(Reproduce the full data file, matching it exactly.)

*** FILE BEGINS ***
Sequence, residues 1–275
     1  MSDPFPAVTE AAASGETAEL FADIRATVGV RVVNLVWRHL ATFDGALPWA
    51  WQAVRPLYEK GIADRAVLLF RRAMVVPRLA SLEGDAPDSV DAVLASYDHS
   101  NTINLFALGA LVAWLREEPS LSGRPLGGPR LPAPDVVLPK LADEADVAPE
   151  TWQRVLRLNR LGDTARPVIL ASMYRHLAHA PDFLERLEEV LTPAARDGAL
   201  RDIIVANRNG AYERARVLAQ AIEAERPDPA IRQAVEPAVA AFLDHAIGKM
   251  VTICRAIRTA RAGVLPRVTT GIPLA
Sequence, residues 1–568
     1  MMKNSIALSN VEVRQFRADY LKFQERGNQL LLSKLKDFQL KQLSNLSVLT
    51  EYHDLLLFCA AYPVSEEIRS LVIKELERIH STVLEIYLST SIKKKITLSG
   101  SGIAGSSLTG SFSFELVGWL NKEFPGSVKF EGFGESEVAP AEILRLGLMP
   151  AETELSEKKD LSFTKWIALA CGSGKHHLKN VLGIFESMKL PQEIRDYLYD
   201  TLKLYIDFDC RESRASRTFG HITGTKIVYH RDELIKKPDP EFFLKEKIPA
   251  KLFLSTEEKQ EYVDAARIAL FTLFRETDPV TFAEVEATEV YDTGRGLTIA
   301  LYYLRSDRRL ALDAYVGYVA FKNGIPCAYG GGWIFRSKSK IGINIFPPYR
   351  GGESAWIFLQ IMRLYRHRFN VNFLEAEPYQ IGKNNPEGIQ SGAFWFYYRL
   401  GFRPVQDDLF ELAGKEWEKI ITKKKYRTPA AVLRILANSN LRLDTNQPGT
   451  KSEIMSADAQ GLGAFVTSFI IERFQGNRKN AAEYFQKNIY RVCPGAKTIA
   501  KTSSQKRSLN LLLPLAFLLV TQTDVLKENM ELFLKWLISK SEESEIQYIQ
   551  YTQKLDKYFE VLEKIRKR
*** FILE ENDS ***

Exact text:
Sequence, residues 1–275
     1  MSDPFPAVTE AAASGETAEL FADIRATVGV RVVNLVWRHL ATFDGALPWA
    51  WQAVRPLYEK GIADRAVLLF RRAMVVPRLA SLEGDAPDSV DAVLASYDHS
   101  NTINLFALGA LVAWLREEPS LSGRPLGGPR LPAPDVVLPK LADEADVAPE
   151  TWQRVLRLNR LGDTARPVIL ASMYRHLAHA PDFLERLEEV LTPAARDGAL
   201  RDIIVANRNG AYERARVLAQ AIEAERPDPA IRQAVEPAVA AFLDHAIGKM
   251  VTICRAIRTA RAGVLPRVTT GIPLA
Sequence, residues 1–568
     1  MMKNSIALSN VEVRQFRADY LKFQERGNQL LLSKLKDFQL KQLSNLSVLT
    51  EYHDLLLFCA AYPVSEEIRS LVIKELERIH STVLEIYLST SIKKKITLSG
   101  SGIAGSSLTG SFSFELVGWL NKEFPGSVKF EGFGESEVAP AEILRLGLMP
   151  AETELSEKKD LSFTKWIALA CGSGKHHLKN VLGIFESMKL PQEIRDYLYD
   201  TLKLYIDFDC RESRASRTFG HITGTKIVYH RDELIKKPDP EFFLKEKIPA
   251  KLFLSTEEKQ EYVDAARIAL FTLFRETDPV TFAEVEATEV YDTGRGLTIA
   301  LYYLRSDRRL ALDAYVGYVA FKNGIPCAYG GGWIFRSKSK IGINIFPPYR
   351  GGESAWIFLQ IMRLYRHRFN VNFLEAEPYQ IGKNNPEGIQ SGAFWFYYRL
   401  GFRPVQDDLF ELAGKEWEKI ITKKKYRTPA AVLRILANSN LRLDTNQPGT
   451  KSEIMSADAQ GLGAFVTSFI IERFQGNRKN AAEYFQKNIY RVCPGAKTIA
   501  KTSSQKRSLN LLLPLAFLLV TQTDVLKENM ELFLKWLISK SEESEIQYIQ
   551  YTQKLDKYFE VLEKIRKR